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  #11  
Old 02-23-2010, 06:05 PM
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Glad things worked out. Often it just takes time and clear rules. (no chase kitty! )

I just wanted to add one small note: Yorkies are considered an at risk breed for tracheal collapse, as such it is reccomended to walk them on a harness and never use a mesh/fabric muzzle for extended periods. A basket muzzle is considered safe as the dog can pant normaly in it.
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  #12  
Old 03-01-2010, 06:38 AM
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Im a bit late to the party, but im glad things are finally starting to work out.

Your dog had a "new baby" syndrome, and was afraid the new family member would interfere with the attention he was getting.

This MAY happen again, if he feels that you are ignoring him (Cuddling the cat more, talking to the cat more and/or talking in such a way that makes him think you might like the cat more)

you will have to be very careful for awhile, and show your dog more love than usual, until he has completely accepted his new friend into your life.
There is no room for equality in a dogs world, someone is always on top, and everyone knows their place.
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  #13  
Old 03-01-2010, 11:44 AM
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Quote:
Originally Posted by FourPaws View Post
Im a bit late to the party, but im glad things are finally starting to work out.

Your dog had a "new baby" syndrome, and was afraid the new family member would interfere with the attention he was getting.

.
Really? Sounded like pure and simple prey drives to me.
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  #14  
Old 03-01-2010, 04:03 PM
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IF it were pure and simple prey drives, would it have stopped?

If it is a prey drive, wouldn't the corgi now be biding his time, until he can strike?

There must be something more to it than just raw instinct. Instinct doesnt just stop and settle down.
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  #15  
Old 03-01-2010, 04:19 PM
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behaviours from instinct can absolutely be modified. You would think someone with your link would know that.

JRTs can learn not to chase the horses, or to scream constantly at the rat cage (lol both specifically things I have taught) BC can learn to control their desire to herd livestock except when asked. Male dogs can be taught not to mark in the house, and not to breed a female in heat when working..
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  #16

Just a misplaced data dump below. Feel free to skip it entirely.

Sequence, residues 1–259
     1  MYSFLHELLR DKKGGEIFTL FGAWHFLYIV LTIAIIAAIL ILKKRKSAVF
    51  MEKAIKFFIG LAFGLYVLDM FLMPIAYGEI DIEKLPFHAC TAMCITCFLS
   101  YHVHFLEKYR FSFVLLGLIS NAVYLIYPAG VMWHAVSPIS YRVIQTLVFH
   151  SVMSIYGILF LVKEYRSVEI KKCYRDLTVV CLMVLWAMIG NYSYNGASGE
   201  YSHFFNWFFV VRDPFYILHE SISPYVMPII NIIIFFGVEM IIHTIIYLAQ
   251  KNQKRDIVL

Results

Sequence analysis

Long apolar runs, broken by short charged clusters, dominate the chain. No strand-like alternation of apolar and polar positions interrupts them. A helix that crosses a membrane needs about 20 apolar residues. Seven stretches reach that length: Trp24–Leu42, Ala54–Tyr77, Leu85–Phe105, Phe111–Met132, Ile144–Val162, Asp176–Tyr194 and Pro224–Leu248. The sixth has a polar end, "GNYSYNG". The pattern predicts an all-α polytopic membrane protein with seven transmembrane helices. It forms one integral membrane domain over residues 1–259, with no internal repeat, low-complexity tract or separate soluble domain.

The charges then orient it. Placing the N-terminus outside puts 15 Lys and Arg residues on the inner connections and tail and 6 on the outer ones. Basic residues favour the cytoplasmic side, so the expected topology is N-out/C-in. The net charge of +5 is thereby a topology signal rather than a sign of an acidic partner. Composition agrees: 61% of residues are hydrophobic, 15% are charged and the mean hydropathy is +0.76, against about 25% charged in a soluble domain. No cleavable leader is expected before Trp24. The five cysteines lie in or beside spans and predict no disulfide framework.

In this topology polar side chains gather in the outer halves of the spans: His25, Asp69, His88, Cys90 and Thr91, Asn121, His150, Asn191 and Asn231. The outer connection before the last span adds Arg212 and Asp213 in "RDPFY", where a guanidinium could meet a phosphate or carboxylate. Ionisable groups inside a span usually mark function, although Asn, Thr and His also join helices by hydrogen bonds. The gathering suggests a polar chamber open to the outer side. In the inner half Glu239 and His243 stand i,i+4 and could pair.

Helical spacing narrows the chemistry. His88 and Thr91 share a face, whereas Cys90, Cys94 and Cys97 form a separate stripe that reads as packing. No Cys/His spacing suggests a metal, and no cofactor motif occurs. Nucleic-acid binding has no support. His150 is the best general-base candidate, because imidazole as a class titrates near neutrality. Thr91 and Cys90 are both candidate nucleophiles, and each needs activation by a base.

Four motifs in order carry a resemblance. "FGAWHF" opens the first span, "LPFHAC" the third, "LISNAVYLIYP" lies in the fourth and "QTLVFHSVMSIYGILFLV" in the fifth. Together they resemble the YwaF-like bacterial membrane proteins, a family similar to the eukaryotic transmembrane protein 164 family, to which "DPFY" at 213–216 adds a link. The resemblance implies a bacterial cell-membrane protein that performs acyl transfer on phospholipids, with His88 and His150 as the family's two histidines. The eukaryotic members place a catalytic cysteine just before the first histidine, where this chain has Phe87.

Old 03-01-2010, 04:47 PM
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Quote:
Originally Posted by FourPaws View Post
IF it were pure and simple prey drives, would it have stopped?

If it is a prey drive, wouldn't the corgi now be biding his time, until he can strike?

There must be something more to it than just raw instinct. Instinct doesnt just stop and settle down.
Absolutely, it can be controlled or trained as to what is acceptable or not. I have jrts that hunt, meaning they enter the earth in a natural setting, locate and work gh, coon & fox. Therefore these dogs have very high prey drives, know how to use their hard wired instincts and are successful.
However my best hunting dog loves cats and all my dogs have been trained to call off cats and other critters.
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  #17  
Old 03-02-2010, 03:02 AM
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Of course I realize instincts can be modified. After all, is that not what dog training is, modifying a dog's natural behaviour?

My point was in this scenario, this dog was uncontrollable (that was why it was an issue) and since then, almost magically, he settles down, and now things are okay between the pup and kitty.

I guess it is possible that a dog can change its OWN natural behaviour, but, unless I have missed something, he wasn't trained to do so, just seperated, so he didnt go insane at the cat.

This dog is in his golden years, most likely near deaf (as indicated) so any proper training is almost certainly out of the question.
Just the facts as I see them, no need to get all judgemental.


Anyone else pick up on the fact that this dog modified his behaviour on his own?
Now he and the kitty are best friends
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  #18  
Old 03-02-2010, 11:01 PM
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It wasn't magical, it took 8 months according to the OP in which time the dog became desensitized to the cat. Not only learning to tolerate the cat but to accept it as a friend, hardly unheard of.
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